Yanett at work Altata, Sinaloa. 1 June 2021

The Old Normal – Ilvy Njiokiktjien

Els (left) helps her husband John, together with her daughter in law Lisa Wade (41) and granddaughter Norah (1), on 25 September 2020.

The Netherlands is known for its compassionate approach to caring for the elderly. The Old Normal explores the benefits of co-housing where different generations live together, but independently, share communal living spaces and care for each other. It’s a lovely, heartwarming story that shows there are other ways to treat our elderly. Rather than placing elderly parents in a nursing or retirement home, families live together, share meals and leisure time, but also have their own space. The story reminds us what “family” means.

Simon Douw plays a game together with his mother Nel Douw and his son Jonas at the dinner table in their co-housing structure in Westzaan, the Netherlands, on 18 October 2020.

Power-less to Empowered – Jere Ikongio

Safiya Aliyu has been with SOSAI Renewable Energies since its inception in 2010. She first came to Kadabo in 2014 to do research for SOSAI. Safiya is currently the Programs Manager and was part of the team to select Kadabo. 12 December 2020

The small, remote Nigerian township of Kadabo is not connected to the national electricity grid and its residents have been reliant on diesel powered generators. Through an initiative by SOSAI Renewable Energies, an organisation run by women in Kaduna, the residents of Kadabo are turning to solar power. Power-less to Empowered is another uplifting story about women making a change for social and environmental good. “SOSAI is the Nigerian chapter of the international organization Solar Sisters, which is dedicated to powering communities and women through solar energy and entrepreneurship programs.” Love it!

Aerial view of Kadabo, Nigeria, 12 December 2020.

Punan Adiu: The Forest Is Our Mother – Michael Eko

Punan Adiu Village at dusk, North Kalimantan Province, Indonesia, on 10 June 2020. In earlier times, the Punan lived inside the forest. Now they stay in permanent settlement and embrace modern lifestyle. 

Shot in Indonesia, Punan Adiu: The Forest Is Our Mother documents the attempts by the Punan Adiu, a nomadic indigenous people, to find new ways to make a living from the land, and at the same time continue to care for the forest, a practice that is centuries old. Today these hunter-gatherers live in more modern villages, but they are still reliant “on the forest as a source for food, medicine, water and all socio-cultural aspects of their life,” writes Michael Eko.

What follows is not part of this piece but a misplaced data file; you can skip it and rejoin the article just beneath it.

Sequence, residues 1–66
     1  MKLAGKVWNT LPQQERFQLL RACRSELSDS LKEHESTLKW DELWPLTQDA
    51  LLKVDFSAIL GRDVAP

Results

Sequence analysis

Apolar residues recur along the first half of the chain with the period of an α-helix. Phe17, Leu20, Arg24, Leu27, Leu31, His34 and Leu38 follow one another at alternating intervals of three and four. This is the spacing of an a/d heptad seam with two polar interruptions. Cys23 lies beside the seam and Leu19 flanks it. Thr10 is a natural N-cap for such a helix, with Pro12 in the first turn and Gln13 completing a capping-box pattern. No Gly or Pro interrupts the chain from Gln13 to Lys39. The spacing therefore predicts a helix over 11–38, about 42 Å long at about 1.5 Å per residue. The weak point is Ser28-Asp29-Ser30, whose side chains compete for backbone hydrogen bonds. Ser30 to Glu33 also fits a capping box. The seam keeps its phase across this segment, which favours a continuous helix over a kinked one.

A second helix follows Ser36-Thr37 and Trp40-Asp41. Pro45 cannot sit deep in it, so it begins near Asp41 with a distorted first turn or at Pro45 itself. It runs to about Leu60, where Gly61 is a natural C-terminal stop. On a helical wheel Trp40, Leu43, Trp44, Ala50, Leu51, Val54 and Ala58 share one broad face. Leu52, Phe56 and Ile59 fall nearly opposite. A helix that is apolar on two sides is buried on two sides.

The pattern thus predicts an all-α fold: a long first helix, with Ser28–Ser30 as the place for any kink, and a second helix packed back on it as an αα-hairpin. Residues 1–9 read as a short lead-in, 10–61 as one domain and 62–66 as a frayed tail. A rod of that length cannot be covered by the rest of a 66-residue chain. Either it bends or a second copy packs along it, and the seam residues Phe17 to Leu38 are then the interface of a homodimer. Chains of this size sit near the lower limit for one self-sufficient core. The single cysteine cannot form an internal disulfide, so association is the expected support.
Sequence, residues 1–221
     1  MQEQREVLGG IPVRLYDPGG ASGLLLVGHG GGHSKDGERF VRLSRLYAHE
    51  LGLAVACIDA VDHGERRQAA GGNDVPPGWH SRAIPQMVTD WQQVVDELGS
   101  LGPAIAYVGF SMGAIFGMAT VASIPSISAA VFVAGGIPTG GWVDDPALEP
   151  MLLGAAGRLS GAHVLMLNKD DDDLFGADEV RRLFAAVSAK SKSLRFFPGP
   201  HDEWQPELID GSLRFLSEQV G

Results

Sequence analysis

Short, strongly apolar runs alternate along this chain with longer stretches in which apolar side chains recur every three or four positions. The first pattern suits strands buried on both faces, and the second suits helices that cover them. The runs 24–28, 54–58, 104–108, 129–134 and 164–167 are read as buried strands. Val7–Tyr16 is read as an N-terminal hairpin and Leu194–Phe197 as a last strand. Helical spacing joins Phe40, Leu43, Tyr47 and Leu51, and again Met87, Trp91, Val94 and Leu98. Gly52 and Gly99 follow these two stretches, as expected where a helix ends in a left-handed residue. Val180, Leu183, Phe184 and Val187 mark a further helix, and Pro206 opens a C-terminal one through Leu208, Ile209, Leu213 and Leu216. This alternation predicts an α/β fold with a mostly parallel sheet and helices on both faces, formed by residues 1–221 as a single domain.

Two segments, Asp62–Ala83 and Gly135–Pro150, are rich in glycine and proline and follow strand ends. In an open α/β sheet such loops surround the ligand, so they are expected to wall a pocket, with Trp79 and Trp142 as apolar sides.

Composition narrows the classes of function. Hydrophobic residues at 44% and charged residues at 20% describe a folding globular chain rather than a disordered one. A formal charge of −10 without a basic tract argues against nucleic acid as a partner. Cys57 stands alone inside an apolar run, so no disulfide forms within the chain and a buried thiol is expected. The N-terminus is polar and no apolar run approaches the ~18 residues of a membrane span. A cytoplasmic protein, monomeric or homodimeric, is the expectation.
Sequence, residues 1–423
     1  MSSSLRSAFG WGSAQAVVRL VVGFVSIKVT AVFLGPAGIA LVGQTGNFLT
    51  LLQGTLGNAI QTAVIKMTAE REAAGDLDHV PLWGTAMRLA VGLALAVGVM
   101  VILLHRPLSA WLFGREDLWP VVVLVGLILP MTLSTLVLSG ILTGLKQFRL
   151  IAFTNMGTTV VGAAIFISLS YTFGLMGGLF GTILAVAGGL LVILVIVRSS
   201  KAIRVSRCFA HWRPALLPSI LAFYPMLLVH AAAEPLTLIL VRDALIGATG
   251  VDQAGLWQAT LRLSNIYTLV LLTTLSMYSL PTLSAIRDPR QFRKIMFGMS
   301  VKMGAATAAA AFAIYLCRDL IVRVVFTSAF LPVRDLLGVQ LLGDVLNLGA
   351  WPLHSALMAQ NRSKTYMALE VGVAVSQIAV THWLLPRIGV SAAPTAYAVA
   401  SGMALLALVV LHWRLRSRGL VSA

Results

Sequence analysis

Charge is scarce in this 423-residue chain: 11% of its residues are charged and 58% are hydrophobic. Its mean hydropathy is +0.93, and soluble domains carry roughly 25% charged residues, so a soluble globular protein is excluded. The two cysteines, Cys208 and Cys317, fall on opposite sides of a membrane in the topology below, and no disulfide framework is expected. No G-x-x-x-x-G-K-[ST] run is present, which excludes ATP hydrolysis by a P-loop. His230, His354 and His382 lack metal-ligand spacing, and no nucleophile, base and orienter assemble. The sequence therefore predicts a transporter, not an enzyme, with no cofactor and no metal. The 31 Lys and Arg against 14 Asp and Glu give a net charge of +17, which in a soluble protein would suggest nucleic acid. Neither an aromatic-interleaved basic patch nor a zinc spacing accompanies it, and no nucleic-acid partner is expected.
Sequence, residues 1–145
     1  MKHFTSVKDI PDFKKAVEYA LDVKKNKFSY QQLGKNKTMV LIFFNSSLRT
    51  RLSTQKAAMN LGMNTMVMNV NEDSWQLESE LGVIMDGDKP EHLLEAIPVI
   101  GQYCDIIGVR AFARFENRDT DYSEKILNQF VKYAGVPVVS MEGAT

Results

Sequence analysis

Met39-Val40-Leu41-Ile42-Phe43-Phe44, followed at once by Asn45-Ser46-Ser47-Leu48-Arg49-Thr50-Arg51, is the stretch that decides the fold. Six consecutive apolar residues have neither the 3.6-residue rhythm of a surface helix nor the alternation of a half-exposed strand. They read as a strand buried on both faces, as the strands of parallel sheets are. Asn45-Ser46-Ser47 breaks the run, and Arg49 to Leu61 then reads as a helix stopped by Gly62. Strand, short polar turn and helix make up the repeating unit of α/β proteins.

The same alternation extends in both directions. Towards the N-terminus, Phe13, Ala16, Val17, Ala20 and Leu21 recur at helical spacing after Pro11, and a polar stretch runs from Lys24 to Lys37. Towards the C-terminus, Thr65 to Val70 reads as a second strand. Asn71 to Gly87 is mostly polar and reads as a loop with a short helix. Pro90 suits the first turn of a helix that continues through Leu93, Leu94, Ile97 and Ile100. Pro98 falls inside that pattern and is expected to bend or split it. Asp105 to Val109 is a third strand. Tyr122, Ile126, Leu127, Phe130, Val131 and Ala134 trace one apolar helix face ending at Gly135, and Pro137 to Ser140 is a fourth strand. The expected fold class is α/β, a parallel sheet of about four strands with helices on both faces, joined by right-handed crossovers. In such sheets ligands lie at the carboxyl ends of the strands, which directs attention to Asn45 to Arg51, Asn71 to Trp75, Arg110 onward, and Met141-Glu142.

The Pythonidae snake is one of the protein resources for the Punan Adiu community. 20 March 2020.

House of Light: Finding Refuge in Tijuana Migrant Community – Tara Pixley

Irving Mondragon, the manager of the Casa de Luz shelter, in Tijuana, Mexico, sets up a Zoom lesson on storytelling for the seven children residents of CDL, on 12 December 2020. The kids have been working on a lesson plan where they make their own stories as part of the class. 

Casa de Luz means House of Light. This shelter is one of the few in Mexico that cares for those migrants who identify as LGBTQ+ as well as mothers travelling with children. In House of Light: Finding Refuge in Tijuana Migrant Community Pixley reports that “Mexico doesn’t condone such mixing of shelter populations and will not provide…funding.” As such, Casa de Luz is constantly searching for ways to support those it cares for. What Pixley’s story and images reveal is that despite the shelter’s “tight quarters” and the issues that come with the trials of migration, bureaucracy and lack of funding, those in search of a better life can still find community, love and compassion.

The upstairs area of CDL serves as a classroom, bedroom, lounge area and communal play room for all 35 of the current migrant shelter residents. 12 December 2020.


Leave a Reply

Fill in your details below or click an icon to log in: Logo

You are commenting using your account. Log Out /  Change )

Twitter picture

You are commenting using your Twitter account. Log Out /  Change )

Facebook photo

You are commenting using your Facebook account. Log Out /  Change )

Connecting to %s